The giving of the Ten Commandments leads us back into the dim, distant days of Old Testament history. They were given just about as long before the birth of Christ as it is since that central event of all history.
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10. The Supreme Duty Of Man
“And one of the scribes came, and having heard them reasoning together, and perceiving that He had answered them well, asked Him, which is the first commandment of all? And Jesus answered him, the first of all the commandments is, Hear, O Israel; the Lord our God is one Lord: and thou shalt love the Lord thy God with all thy heart, and with all thy soul, and with all thy mind, and with all thy strength: this is the first commandment.” — St. Mark 12:28-30.
A question very much discussed in certain quarters, is the conception of the law of God, as embodied in the Ten Commandments, which the Israelites had at the time it was given them. How much did they see in the commandments? They probably did not see all that the world has been taught to see in them since that day. But there is a more profitable question for our consideration. It is this, what did God intend to convey through the commandments He gave? What did He expect men to come to see in His Law? Where shall we find the best answer to these questions? In the answer of the prince of teachers, Jesus Christ.
It is generally conceded that the Sermon on the Mount is, at least largely, an interpretation of the Moral Law. There Jesus shows us what the Law means when it stands before us in the simple majesty of its God-given nature, stripped of all human embellishments, all mere externalities. And there we see more clearly than elsewhere that the Law itself deals with the inner life.
In our text Jesus gives us, in answer to a direct question, His interpretation of the First Table of the Law which we have just concluded. His is always the last word on any mooted question. As we have considered the Old Testament commandments, we will now consider the New Testament interpretation of the first three. It sets before us The Supreme Duty of Man: to love God supremely; to speak His name reverently; to worship Him becomingly.
Loving God Supremely
Two of the three commandments of the First Table are negative: “Thou shalt have no other gods before me.” “Thou shalt not take the name of the Lord thy God in vain.” Only the third is positive in nature: “Remember the Sabbath day to keep it holy.” But Christ’s interpretation of these commandments shows that man’s supreme duty is not discharged when he has refrained from setting up for worship some false god, or when he has kept his lips from blasphemy. The supreme duty of man is to love God supremely.
“Master, which is the great commandment in the law?” This was a question warmly disputed by the Jewish theological leaders. These men had prepared a code of six hundred and thirteen commandments. And of these they said: “The words of the Rabbis are to be prized above those of the law, for the words of the law are both weighty and light; but the words of the Rabbis are all weighty.” In other words, they put the laws of their own making above the laws of God. And concerning the place of first importance among these commandments there was a never-ceasing, and, at times, a very bitter, controversy. The three classes of commandments, to the one or the other of which was most frequently given the place of preeminence, were those having to do with Sabbath observance, the rite of circumcision, and the offering of sacrifices.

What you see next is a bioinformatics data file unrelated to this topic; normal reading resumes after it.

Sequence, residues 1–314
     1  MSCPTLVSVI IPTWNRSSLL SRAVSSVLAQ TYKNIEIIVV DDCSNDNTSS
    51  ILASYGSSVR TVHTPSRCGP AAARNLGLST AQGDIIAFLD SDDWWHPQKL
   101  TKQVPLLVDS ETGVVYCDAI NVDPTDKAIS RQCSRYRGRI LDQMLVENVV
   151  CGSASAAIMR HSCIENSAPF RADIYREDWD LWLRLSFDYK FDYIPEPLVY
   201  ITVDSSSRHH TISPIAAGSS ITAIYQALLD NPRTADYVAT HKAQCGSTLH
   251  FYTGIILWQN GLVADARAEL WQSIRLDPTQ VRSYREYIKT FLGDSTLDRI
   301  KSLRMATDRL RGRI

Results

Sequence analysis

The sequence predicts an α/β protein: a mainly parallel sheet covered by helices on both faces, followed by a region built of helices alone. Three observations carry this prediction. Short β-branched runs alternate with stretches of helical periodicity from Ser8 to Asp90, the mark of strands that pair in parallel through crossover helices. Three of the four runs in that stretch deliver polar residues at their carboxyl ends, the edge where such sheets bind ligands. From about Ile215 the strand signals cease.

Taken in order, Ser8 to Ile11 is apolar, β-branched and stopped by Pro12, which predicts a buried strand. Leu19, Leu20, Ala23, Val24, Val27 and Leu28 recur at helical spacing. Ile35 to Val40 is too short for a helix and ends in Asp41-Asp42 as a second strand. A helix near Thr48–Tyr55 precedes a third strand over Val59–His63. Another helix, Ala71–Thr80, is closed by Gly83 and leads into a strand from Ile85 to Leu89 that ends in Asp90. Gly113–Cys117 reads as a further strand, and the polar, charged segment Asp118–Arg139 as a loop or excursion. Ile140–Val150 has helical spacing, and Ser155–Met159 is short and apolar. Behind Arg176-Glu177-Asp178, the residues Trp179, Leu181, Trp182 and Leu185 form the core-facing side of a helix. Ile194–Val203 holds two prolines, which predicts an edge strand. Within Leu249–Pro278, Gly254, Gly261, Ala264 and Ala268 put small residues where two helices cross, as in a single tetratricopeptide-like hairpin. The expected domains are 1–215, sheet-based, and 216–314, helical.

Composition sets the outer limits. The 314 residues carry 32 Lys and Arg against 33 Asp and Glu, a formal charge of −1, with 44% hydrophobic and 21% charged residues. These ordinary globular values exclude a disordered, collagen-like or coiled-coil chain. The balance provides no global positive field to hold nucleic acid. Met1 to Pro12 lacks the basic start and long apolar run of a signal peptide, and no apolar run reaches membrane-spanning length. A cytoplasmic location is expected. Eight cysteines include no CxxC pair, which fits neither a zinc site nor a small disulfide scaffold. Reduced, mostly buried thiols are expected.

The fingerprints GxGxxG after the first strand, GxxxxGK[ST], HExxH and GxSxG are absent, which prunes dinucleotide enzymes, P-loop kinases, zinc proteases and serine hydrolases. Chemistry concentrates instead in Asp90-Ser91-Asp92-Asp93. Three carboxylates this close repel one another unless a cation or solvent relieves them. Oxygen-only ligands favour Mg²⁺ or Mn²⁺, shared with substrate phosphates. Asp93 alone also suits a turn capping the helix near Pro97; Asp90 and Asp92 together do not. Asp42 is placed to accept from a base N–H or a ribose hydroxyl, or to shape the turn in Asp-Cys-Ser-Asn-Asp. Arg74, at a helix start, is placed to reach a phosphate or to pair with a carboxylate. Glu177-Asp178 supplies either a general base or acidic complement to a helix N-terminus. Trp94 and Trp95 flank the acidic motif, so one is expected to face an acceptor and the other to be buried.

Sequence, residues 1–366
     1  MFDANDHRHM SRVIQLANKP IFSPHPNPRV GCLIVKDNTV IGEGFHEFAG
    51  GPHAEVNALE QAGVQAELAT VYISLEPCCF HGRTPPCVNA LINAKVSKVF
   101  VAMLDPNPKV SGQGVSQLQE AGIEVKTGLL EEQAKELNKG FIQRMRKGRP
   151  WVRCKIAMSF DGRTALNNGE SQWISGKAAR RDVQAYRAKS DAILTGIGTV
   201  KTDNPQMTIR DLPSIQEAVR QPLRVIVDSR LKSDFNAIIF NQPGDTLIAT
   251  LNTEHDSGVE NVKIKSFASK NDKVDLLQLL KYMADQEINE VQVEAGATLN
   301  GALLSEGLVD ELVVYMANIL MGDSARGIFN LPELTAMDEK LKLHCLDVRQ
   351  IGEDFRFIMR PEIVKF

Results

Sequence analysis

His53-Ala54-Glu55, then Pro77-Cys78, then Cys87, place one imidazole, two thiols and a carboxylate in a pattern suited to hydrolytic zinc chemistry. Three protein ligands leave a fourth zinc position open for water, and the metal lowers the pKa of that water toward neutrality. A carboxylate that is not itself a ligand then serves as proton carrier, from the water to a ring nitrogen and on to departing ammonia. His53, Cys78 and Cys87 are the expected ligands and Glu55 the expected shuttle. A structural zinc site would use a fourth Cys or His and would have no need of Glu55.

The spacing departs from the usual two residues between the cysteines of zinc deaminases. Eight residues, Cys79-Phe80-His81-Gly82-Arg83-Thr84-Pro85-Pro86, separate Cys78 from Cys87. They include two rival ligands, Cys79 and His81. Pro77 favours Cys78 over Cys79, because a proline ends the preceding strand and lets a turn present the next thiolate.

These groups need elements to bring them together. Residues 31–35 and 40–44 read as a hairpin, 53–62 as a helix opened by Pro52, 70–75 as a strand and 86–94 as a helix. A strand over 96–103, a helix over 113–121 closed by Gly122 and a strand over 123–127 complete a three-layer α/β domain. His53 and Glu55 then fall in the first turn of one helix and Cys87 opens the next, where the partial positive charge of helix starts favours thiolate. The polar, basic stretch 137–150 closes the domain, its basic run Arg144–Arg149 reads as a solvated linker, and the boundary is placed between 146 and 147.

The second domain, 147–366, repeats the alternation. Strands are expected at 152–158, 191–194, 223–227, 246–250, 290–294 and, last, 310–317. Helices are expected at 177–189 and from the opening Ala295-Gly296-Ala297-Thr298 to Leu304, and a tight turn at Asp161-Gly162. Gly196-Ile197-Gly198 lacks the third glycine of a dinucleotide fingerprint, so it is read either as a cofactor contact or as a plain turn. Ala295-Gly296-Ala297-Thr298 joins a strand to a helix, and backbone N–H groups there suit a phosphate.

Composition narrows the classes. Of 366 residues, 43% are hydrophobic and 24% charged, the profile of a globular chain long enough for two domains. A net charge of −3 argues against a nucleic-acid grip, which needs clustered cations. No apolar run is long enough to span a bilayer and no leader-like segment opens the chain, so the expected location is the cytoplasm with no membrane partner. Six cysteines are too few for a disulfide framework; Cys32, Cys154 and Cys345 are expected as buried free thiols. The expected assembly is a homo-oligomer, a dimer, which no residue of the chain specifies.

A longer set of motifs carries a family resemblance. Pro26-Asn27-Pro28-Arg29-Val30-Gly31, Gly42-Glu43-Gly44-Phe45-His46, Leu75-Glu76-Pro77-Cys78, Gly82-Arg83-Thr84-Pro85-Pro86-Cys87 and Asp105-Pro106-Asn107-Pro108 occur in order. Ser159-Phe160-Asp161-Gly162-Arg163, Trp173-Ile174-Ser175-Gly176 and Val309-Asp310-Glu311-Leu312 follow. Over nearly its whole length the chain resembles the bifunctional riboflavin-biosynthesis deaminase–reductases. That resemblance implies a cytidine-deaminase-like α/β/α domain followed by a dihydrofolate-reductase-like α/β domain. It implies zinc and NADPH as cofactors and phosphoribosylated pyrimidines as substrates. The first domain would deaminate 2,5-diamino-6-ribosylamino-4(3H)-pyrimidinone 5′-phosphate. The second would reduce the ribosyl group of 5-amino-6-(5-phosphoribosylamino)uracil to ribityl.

The Jewish theologians seemed to think that by such learned discussions they met all the requirements of the Law. In the same way a great many people, in all ages, seem to think that when they, with much firmness and logical acumen, have defended certain orthodox doctrines they have met all the requirements of these doctrines on themselves. The simple truth is that the requirements of no Divine truths have been met on our part by the mere fact that we profess acceptance of them, nor by our arguments on their behalf, however ably maintained. The demands of Divine truth on us, whatever its particular character, are met only when that truth has become a living reality in our souls, only when it has become a part of our life, and controls our living.
We shall not spend any time in seeking to find the particular motive which prompted the Jews to ask this question of Christ. Our concern is with Christ’s answer: “Jesus answered Him, …thou shalt love the Lord thy God with all thy heart, and with all thy soul, and with all thy mind, and with all thy strength.” This answer of Jesus, who fathomed the law as no one else ever did, was not new. Indeed, it is almost as old as the giving of the Law itself, being found in Deuteronomy the fifth chapter. And we have here a glimpse of the fact that in early Old Testament times the basis of the relationship of man to God was on a nearer level to that of the New Testament than many casual students suppose. But the Jewish people of Christ’s time had so completely lost sight of this fundamental truth that it came with the force of a new revelation. And let us learn anew the oft repeated lesson that Christ’s answer emphasizes; namely, that the heart of Christianity, as of ancient Judaism, was not in observances or repeating formulas, not in defending theses or pronouncing anathemas. These things are all right in their time and place. But the heart of Christianity is heart relationship to God. And heart relationship means affection. The right relationship between God and man is that which exists between a loving father and a beloved and affectionate child. Not only by the Lord’s Prayer, but by the commandments also, “God would tenderly invite us to believe that He is our true Father, and that we are his true children, so that we may, with all boldness and confidence, entreat Him, as dear children en treat their dear father.”